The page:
In addition to providing pet parents with the opportunity to meet and chat with other pet parents online, PawsConnect.com offers pet forums covering a broad range of pet related topics, pet related competitions, surveys and pet specific products including “Birthday in a Bowl” and Your Scrapbook.

Interested? – Click here to sign up with PawsConnect.com today!

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Cats in the animal welfare world can cause employees and volunteers both headaches and happiness. Their unique characters can generate an affection in even the most die hard “dog” people but their unique needs create a challenging set of criteria upon which to safely and healthily house and, ultimately, adopt them out.

To those of you familiar with the PetPoint Journals you will know that it has been demonstrated that the outcome for cats entering into the animal welfare system, as a whole, is not as favorable as the outcome for dogs. The reasons for this disparity are multiple and include a complex mixture of adopter preference, behavioral issues, their prodigious reproductive capabilities and species-specific health issues.

As with many things in life, the key to providing a safe and healthy environment for cats in the animal welfare sector lies with planning, organization and communication. Much has been written by experts in the field about these issues and how best to counter them. Here we look to summarize some of the the key considerations:-

1) Cats at Intake: Cats are very susceptible to illness when they are stressed and their immune systems are compromised. Entry into the animal welfare system is a stressful time for cats and must be managed carefully to ensure that the animal is traumatized as little as possible and that there is no opportunity for cross contamination of other cats within the community. With the virulent nature of Upper Respiratory Tract Infections and other cat specific illnesses that can be transmitted through the air or by contact, disease control and hygiene have to be given the highest level of priority. It is usual for cats entering into a facility to be quarantined for a period of anywhere from 2-14 days, with the length of time dictated by the condition of the cat and each organization’s individual protocol.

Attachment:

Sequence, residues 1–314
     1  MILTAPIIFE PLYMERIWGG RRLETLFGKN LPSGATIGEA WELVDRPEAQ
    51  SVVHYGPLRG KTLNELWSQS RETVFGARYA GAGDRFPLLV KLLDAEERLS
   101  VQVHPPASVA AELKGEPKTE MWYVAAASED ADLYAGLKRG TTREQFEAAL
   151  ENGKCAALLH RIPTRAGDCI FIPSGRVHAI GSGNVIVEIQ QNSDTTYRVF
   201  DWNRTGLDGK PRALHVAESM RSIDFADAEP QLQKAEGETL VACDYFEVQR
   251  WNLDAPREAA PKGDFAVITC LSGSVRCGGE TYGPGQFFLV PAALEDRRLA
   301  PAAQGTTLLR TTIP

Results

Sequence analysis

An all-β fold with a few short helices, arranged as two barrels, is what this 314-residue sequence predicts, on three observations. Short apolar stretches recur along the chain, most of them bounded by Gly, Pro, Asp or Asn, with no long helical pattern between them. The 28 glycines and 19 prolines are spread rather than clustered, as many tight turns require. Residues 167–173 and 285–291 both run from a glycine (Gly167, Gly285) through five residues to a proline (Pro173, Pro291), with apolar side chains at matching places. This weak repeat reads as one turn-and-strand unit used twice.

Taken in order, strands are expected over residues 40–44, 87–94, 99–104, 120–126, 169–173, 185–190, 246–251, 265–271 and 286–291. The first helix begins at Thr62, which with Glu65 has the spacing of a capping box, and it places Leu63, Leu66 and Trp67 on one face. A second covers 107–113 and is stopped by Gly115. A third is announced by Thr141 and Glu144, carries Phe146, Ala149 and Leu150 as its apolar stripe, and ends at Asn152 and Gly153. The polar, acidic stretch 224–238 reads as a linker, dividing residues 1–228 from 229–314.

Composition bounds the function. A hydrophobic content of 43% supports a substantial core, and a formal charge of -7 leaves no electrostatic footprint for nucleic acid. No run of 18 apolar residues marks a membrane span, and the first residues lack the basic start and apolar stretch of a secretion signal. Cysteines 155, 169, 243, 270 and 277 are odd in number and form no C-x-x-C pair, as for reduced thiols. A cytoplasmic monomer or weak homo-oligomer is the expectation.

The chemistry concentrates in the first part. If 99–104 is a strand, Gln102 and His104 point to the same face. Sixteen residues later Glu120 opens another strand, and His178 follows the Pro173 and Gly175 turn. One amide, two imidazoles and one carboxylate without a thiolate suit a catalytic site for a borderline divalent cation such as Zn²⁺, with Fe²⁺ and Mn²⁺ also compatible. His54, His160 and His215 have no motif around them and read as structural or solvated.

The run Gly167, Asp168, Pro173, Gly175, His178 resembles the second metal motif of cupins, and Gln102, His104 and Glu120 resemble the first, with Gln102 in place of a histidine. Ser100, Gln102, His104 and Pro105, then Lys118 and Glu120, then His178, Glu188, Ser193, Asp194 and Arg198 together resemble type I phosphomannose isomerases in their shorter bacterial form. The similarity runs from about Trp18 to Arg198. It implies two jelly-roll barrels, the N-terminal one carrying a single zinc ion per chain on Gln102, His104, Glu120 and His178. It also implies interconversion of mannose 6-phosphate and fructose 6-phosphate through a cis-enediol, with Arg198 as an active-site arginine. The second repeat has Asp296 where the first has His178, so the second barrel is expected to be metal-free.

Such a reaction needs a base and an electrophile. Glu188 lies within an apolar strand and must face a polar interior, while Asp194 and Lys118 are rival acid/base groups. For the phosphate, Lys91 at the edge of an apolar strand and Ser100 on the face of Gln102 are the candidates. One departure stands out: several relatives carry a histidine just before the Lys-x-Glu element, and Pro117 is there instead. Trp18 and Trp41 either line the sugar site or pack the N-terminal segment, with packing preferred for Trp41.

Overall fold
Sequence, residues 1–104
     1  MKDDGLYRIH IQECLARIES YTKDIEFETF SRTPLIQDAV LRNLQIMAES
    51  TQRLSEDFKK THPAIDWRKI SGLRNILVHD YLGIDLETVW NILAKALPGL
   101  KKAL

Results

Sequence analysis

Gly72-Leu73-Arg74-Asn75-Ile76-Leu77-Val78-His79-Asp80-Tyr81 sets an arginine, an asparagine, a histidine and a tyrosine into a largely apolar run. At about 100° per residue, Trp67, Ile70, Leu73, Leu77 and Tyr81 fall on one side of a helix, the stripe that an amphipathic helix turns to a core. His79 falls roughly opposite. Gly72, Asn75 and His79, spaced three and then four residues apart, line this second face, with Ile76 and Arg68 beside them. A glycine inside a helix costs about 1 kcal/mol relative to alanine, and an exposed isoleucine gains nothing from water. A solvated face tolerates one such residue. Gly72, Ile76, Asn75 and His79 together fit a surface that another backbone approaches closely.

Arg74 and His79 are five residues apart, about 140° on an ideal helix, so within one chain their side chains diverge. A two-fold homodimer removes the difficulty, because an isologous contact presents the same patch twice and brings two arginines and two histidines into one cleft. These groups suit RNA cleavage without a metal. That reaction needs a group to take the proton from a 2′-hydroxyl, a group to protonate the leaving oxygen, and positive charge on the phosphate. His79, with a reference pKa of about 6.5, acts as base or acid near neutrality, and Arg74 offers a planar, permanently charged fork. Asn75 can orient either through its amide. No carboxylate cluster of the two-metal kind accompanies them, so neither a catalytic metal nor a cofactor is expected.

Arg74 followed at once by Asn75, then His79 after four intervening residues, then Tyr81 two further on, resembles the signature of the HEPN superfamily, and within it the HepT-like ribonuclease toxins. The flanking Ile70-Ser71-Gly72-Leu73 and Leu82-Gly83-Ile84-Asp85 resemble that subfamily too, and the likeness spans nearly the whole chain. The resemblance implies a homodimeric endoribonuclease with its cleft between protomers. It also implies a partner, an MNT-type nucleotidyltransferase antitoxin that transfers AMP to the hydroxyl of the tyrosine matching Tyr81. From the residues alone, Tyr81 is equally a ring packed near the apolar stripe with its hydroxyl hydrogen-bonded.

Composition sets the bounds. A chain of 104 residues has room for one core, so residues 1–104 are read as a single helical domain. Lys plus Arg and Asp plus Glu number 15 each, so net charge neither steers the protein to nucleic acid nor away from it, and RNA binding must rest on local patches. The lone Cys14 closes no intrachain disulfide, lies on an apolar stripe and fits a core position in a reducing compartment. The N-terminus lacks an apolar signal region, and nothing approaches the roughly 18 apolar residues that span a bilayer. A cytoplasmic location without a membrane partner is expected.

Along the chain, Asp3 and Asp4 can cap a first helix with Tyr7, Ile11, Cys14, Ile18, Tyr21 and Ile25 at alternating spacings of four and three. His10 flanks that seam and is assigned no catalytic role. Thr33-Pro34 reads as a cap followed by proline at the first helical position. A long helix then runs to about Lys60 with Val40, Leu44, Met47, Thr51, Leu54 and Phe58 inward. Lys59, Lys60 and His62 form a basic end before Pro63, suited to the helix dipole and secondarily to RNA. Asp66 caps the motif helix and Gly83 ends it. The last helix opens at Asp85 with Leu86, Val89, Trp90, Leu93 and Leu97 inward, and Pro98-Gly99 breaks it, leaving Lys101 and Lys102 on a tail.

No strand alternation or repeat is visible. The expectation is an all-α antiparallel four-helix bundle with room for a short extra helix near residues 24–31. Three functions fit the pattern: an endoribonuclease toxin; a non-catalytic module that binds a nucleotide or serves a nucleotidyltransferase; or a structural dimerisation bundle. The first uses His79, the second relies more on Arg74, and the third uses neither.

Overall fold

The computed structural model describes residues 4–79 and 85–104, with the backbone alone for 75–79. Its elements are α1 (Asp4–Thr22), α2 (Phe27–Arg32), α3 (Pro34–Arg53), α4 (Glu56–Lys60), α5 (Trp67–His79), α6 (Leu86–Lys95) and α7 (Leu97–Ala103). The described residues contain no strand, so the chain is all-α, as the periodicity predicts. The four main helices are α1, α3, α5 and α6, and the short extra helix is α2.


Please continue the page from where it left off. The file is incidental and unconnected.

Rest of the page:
http://www.animalsheltering.org/resource_library/magazine_articles/
mar_apr_2003/maintaining_good_health.html

2) Individual versus Colony Housing: Once the animal has been declared healthy the decision must be taken about where to house the cat within the organization, pending adoption. A variety of factors including the character of the cat, the number of cats already onsite and the availability of housing determine if the new cat is ultimately housed individually or as part of a group. The decision about whether to house cats individually, in groups or in a combination of the two, varies widely from organization to organization and is dictated by the facilities available and the protocol dictating disease prevention.
http://www.animalsheltering.org/resource_library/
magazine_articles/mar_apr_2003/cages_arent_extinct_1.html

http://www.animalsheltering.org/resource_library/
magazine_articles/mar_apr_2003/group_housing_for_cats.html

3) Ongoing Disease Control: Having placed the animal in either single-cat housing or group housing, the overriding concern of animal welfare organizations is to provide their cats with an environment that will keep it happy and healthy until adopted. Ensuring that cats stay healthy in this type of environment is dependant upon all employees and volunteers adhering to a strict and regular cleaning regimen. Exact details will be organization specific but many ensure compliance by giving employees and volunteers a cleaning checklist to be completed each day.

4) Healthy body – healthy mind: Cats also require the daily stimulation provided by a combination of toys, scratching posts and perches. The provision of boxes and other places to hide is useful for the more shy cats and those that want time alone. Daily human contact with the cats is vital ensuring that they remain comfortable with humans, but it also gives staff the chance to observe the cats to check on their health, general well-being and to assess behavioral trends.
http://www.animalsheltering.org/resource_library/
magazine_articles/mar_apr_2003/little_things_make_a_big_difference.html

5) Here come the Adopters: Having worked so hard to keep the cats happy, the time comes when they see and meet potential adopters. This interaction carries with it the new potential for the introduction of disease. Organizations vary widely in the level of access given to potential adopters. Anti-bacterial hand cleanser is a staple in almost all animal welfare organizations.

6) Time to go Home: This is the moment of truth and the hope is always that the cat has found its “Forever Home”. Microchipped and registered with 24PetWatch in case it strays and insured under the ShelterCare Gift for all those unknown and unseen health issues, ensures that it has been given a great start on its new life. Thank you.

The Pethealth Family